NCPA - National Center for Policy Analysis

The Consequences of Anti-Inversion Laws

September 8, 2014

The United States is struggling to compete internationally, as its tax code encourages companies to domicile themselves overseas rather than locating their headquarters in the United States. Other countries have steadily reduced their corporate tax rates, explains Gordon Gray of the American Action Forum, but the United States has left its rate in place. As a result, American companies face the highest corporate tax rate among developed countries.

Lately, tax policy talk has focused on "inversion," the process by which American companies re-domicile themselves abroad (establishing a foreign residency for tax purposes). There are already provisions in the U.S. tax code intended to curb this practice, explains Gray. When a number of American companies moved overseas in response to high taxes in the 1990s and 2000s, Congress passed the American Job Creation Act of 2004 (AJCA). AJCA included several measures intended to limit inversion:

  • Companies could not be considered "foreign" for tax purposes if their original American shareholders own 80 percent or more of the foreign entity.
  • If the original shareholders own between 60 and 80 percent of the foreign entity, they are considered foreign but lose certain tax benefits.
  • Companies are required to have a "substantial business presence" in the foreign nation, which regulations define as 25 percent of a company's employees, assets and income.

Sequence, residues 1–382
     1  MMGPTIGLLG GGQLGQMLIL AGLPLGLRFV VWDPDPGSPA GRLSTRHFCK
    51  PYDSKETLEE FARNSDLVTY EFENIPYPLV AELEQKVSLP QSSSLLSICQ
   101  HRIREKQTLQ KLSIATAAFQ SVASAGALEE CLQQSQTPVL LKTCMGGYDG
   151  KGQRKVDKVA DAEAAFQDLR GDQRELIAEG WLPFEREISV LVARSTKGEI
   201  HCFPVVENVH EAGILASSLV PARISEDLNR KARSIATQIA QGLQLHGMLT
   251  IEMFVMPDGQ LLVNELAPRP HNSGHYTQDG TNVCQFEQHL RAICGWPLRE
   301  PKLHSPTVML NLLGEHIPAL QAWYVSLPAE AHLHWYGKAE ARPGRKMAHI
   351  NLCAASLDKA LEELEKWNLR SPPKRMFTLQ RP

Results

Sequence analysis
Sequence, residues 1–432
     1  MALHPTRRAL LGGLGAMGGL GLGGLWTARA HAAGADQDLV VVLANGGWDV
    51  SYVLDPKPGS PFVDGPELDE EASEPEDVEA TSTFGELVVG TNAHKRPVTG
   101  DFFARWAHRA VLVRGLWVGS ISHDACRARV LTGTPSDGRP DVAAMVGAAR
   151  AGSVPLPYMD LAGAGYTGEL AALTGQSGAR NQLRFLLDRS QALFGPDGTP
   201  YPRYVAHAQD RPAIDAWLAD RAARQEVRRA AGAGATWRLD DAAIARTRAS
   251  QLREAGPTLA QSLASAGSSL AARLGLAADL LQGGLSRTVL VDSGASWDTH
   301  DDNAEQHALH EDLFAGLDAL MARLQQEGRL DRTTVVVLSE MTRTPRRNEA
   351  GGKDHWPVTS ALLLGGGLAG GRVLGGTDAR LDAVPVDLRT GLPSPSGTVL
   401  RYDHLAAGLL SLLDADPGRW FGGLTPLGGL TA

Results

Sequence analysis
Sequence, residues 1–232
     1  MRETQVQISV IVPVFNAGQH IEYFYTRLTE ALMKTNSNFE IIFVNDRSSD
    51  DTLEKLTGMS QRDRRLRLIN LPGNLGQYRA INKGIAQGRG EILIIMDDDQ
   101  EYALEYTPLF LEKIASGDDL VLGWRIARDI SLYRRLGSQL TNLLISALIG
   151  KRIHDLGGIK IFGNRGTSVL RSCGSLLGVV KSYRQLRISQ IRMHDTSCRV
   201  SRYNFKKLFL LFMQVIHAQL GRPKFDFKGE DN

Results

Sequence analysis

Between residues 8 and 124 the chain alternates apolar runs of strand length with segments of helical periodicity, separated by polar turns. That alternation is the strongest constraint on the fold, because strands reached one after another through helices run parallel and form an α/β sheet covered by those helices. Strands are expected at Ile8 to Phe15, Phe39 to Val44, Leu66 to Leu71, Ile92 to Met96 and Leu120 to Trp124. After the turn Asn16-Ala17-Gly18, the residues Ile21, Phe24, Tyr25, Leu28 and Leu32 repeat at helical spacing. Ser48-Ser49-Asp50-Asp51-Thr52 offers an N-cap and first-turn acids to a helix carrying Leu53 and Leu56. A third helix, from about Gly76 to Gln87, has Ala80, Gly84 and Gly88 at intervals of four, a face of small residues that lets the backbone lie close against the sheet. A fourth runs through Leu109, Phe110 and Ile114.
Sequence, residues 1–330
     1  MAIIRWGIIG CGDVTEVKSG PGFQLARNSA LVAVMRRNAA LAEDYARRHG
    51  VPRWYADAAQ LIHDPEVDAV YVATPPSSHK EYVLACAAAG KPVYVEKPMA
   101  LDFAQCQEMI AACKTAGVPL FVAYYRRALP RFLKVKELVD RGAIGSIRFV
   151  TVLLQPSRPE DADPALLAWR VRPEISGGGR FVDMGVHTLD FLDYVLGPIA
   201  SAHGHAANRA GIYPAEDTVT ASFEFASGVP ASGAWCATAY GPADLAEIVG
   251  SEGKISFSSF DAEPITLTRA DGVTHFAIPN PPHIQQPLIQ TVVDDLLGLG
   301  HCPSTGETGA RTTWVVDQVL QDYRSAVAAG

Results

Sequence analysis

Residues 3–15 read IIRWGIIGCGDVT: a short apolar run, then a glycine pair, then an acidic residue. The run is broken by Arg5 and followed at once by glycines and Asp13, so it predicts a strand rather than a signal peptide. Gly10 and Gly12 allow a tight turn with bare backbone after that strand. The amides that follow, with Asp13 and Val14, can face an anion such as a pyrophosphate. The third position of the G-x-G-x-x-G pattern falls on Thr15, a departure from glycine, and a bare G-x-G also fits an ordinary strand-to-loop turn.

Those measures are still in place, but recent proposals to move abroad by companies such as Burger King have sparked additional legislative efforts to address inversion. Rather than fix the broken tax code, lawmakers in Washington are seeking new anti-inversion rules:

  • At present, original shareholders can own up to 80 percent of the foreign entity. These new proposals would reduce that figure to 50 percent.
  • Other measures would continue to treat a company as American for tax purposes if the company retains significant management and control in the United States.

Gray contends that with the current tax code in place, anti-inversion laws that institute "management and control" tests to determine a company's tax domicile will only further push companies to headquarter abroad.

Source: Gordon Gray, "The Economic Risks of Proposed Anti-Inversion Policy," American Action Forum, September 4, 2014. 

 

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